The case has been closed on Amor—and there was no assault

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      Earlier this month, social media was abuzz with the alleged report that a young woman visiting from Mexico was violently assaulted near the Princeton Pub on Powell.

      Rumours started flying, a GoFundMe was set up to help the alleged victim, and many people were left feeling scared and uncertain thanks to a lack of concrete facts.

      Our own detailed piece explored the unsettling feeling that the situation left residents with, as well as the potential dangers of sharing unverified information.

      Today, the Vancouver Police Department announced it has closed its investigation—with the conclusion that no assault of any kind was committed.

      “After more than three weeks of reviewing security video, interviewing witnesses, and collecting medical information, we have confirmed that this was a case of misadventure—not a violent crime,” says Sergeant Steve Addison in a statement. “There was never a risk of harm to the public as a result of this incident, and the fear was spread wide by people who unknowingly shared information that was not accurate.”

      The VPD is quick to mention that the woman involved was not responsible for the misinformation, which spread like wildfire among local social media users.

      Here’s what really happened, according to the VPD release:

      “Police now know the injured woman was out with friends in the early hours of November 4, when she left the pub around closing time. The woman flagged down a passerby on an electric scooter and hitched a ride on the front, but quickly fell off and struck her face on the pavement. The injured woman left the area, contacted a friend for help, and was taken to hospital for medical treatment. Police believe injuries sustained during her fall from the scooter may have contributed to some memory loss or confusion.”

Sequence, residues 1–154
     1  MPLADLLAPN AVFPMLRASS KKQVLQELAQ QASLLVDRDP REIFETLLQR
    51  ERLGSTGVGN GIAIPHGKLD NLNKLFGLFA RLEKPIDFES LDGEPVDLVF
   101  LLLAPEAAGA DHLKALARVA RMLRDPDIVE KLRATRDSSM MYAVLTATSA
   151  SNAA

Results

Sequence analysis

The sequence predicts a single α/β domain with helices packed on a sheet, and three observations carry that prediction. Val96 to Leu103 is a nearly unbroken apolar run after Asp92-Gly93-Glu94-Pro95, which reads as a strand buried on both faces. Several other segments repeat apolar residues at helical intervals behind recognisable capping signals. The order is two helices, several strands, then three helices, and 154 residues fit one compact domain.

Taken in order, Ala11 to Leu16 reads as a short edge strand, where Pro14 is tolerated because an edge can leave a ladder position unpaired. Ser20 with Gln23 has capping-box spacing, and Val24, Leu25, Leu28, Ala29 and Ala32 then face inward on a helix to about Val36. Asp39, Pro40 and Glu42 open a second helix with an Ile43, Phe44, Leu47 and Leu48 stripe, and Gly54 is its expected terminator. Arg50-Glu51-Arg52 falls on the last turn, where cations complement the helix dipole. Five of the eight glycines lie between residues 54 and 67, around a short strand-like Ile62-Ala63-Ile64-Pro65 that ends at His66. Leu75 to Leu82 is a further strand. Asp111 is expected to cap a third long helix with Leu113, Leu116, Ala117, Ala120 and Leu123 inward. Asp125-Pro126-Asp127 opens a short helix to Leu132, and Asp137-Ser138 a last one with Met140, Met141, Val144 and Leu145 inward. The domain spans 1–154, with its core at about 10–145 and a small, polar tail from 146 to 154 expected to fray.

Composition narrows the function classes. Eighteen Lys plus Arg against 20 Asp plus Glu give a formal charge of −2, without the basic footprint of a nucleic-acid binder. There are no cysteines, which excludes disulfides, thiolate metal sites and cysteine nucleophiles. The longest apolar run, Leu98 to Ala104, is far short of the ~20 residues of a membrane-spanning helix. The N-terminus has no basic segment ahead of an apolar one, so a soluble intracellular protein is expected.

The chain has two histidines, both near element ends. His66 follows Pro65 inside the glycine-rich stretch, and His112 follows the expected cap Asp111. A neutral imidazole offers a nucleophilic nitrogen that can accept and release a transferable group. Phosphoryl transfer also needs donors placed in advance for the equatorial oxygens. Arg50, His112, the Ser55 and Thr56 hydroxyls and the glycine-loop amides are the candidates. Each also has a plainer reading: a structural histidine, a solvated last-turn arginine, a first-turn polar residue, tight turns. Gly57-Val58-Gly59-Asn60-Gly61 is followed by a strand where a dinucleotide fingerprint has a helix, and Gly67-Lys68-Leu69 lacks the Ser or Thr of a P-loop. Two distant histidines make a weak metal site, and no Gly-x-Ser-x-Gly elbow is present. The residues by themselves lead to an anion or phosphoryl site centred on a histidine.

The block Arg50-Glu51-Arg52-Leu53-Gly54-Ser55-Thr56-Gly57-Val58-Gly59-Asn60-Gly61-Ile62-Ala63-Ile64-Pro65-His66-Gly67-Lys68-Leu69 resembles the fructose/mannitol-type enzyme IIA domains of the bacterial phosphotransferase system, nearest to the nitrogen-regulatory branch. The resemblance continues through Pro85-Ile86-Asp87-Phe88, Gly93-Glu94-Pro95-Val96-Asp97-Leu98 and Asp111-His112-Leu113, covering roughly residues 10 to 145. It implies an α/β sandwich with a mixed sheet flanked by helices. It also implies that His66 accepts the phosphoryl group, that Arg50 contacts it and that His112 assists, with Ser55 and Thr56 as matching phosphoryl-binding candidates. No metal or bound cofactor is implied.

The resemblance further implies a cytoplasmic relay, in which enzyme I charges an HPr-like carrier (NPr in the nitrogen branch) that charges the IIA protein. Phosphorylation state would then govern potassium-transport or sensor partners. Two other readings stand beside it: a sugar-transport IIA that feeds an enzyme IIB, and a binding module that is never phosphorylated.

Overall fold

As for the GoFundMe, which raised over $15,000 to help Amor pay for her medical bills, an update from the orgaizer on November 22 outlines that the fundraising platform was holding the money until proof of assault could be given. Where that money goes now remains up in the air.

      Regardless of what happened to Amor, the threat of assault is a scary reality for many people—especially marginalized women—living in Vancouver. All cases of alleged assault, the VPD stresses, are taken seriously and investigated thoroughly. 

      “We believe victims, we take all allegations of sexual assault seriously,” says Addison, “and we encourage anyone who believes they have been the victim of a crime to come forward.

      At the same time, this whole situation is a stark reminder that clicking a “share” button on social media shouldn’t be taken lightly. Misinformation has its own risks.